The Founding Fathers had high hopes that military adventurism could be prevented through constitutional checks. As Alexander Hamilton wrote: “The legislature…will be obliged…every two years, to deliberate upon the propriety of keeping a military force on foot; to come to a new resolution on the point; and to declare their sense of the matter, by a formal vote in the face of their constituents…As often as the question comes forward, the public attention will be roused and attracted to the subject” (emphasis added). Hamilton was mistaken.
As the U.S. has preserved and expanded its global military posture, post-Cold War presidents of both parties have consistently committed the military abroad in an expanding series of campaigns or other obligations. These endeavors frequently lack a compelling enough relationship to American vital security interests to justify their costs and consequences.
Nonetheless, presidents are politically rewarded by rallying the nation around the flag during military crises, both real and contrived. Likewise, members of Congress perpetually seeking reelection are rewarded for pandering to military forces, veterans, and an influential defense industry. Admiring a military which they increasingly neither know nor understand, citizens uncritically support overseas uses of American force without demanding meaningful public discourse before the commitment of lives, treasure, and national reputation.
A range of scholars — from economic historian and journalist David Unger to political scientist Andrew Bacevich to journalist James Fallows to policy practitioner Rosa Brooks to many others — caution that our foreign policy has become progressively militarized as Americans have grown apathetic to perpetual overseas campaigns. The American public has become numb to poorly scrutinized military commitments through two decades of continuous war. Future generations will no doubt think that many of our post-9/11 campaigns were justified, but others were needless or ill-advised. All have been costly.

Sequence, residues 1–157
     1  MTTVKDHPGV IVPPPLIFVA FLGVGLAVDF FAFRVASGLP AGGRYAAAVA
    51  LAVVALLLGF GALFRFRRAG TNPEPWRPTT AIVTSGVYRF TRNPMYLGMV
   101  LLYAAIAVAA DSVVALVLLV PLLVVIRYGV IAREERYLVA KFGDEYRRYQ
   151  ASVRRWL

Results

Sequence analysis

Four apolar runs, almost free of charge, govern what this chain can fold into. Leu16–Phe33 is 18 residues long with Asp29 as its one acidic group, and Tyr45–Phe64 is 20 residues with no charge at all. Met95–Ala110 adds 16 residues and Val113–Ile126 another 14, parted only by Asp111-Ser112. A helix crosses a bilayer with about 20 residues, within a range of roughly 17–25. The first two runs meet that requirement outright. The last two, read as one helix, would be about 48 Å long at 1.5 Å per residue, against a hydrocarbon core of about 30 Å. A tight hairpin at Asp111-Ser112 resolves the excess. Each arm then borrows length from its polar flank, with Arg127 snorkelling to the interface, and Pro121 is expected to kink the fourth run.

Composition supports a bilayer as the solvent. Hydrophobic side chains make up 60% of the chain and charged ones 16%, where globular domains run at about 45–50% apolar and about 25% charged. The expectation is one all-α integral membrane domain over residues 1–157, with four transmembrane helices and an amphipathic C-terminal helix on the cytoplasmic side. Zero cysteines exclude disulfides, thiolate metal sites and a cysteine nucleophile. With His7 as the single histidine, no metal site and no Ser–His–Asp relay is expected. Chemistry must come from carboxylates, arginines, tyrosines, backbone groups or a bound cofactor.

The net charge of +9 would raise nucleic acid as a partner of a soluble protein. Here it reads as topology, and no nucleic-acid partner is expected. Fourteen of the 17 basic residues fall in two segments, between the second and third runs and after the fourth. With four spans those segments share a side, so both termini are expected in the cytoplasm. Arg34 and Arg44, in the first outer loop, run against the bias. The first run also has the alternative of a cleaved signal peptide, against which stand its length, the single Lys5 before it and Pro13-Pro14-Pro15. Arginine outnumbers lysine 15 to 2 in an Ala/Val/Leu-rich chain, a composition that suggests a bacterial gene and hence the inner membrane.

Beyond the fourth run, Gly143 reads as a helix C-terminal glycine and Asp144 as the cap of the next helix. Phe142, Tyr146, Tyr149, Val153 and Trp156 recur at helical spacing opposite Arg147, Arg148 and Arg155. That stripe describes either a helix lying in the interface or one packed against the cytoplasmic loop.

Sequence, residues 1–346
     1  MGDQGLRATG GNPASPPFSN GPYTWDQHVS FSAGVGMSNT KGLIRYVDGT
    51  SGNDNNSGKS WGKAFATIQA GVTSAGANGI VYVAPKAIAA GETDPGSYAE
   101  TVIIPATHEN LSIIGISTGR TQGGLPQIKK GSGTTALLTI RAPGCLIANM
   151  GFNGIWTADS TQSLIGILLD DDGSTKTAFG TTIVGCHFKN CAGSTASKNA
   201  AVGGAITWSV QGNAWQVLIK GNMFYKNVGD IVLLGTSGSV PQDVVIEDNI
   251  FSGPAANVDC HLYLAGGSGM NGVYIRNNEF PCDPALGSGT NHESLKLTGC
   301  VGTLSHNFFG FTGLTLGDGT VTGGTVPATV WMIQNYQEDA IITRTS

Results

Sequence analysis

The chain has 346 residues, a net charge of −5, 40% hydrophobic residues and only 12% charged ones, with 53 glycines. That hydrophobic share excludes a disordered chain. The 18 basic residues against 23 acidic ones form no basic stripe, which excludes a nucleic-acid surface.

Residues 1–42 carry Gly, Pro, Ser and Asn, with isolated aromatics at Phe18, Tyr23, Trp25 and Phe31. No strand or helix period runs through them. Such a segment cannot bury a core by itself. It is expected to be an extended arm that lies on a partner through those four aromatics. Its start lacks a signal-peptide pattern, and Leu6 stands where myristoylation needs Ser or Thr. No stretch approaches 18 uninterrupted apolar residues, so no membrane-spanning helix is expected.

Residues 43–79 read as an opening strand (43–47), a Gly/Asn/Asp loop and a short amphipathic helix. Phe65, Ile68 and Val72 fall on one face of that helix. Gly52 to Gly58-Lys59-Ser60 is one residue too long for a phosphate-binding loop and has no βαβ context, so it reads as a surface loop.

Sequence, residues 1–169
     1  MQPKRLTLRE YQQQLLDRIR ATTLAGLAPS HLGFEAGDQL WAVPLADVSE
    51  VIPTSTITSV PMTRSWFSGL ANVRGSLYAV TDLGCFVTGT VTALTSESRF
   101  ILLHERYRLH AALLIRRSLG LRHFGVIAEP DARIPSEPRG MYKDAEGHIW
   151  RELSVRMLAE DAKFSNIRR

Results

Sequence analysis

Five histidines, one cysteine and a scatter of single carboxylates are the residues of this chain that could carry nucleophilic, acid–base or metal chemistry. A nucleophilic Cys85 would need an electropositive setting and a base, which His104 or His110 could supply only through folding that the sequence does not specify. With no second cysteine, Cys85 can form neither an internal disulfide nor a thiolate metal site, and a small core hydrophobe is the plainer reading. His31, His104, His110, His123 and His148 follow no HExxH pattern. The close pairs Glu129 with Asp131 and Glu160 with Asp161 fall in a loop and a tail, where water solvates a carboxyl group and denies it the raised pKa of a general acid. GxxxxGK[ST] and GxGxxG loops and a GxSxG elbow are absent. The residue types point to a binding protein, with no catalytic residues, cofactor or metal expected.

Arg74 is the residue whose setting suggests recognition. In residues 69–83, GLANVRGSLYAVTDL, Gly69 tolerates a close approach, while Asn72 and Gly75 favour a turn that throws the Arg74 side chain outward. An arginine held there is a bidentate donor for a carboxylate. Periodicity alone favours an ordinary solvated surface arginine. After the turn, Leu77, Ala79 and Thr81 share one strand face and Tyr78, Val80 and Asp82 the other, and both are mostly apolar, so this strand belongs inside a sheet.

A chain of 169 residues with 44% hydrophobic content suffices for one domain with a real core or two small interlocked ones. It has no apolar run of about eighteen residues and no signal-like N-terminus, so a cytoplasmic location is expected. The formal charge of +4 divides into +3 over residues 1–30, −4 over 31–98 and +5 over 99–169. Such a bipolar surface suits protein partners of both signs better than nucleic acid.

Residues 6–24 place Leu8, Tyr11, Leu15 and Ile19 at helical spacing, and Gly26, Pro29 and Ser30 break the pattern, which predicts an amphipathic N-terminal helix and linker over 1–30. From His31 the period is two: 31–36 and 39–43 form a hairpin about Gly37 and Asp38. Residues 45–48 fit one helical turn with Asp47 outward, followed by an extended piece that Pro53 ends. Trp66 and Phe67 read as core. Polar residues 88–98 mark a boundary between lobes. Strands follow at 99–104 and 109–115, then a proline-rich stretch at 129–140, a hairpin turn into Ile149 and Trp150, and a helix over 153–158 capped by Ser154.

The United States direly needs a reinvigorated national dialogue between the public and elected officials accountable for national security policy on the appropriate role of military intervention within U.S. foreign policy. The following eight principles are essential to keep in mind as U.S. policymakers and attentive citizens contemplate future or continued military action abroad.
1War is costly, wasteful, and tragic. Modern wars cost hundreds of billions of dollars in direct spending and obligate billions more in legacy costs for benefits, disability compensation, and repairs. Wars also kill people: enemy, friendly, and innocent. Those lives are future contributions to society lost. Wars break infrastructure; disrupt commerce; and set conditions for famine, unrest, opportunistic disease outbreaks, and mass displacements. Human suffering is inseparable from war.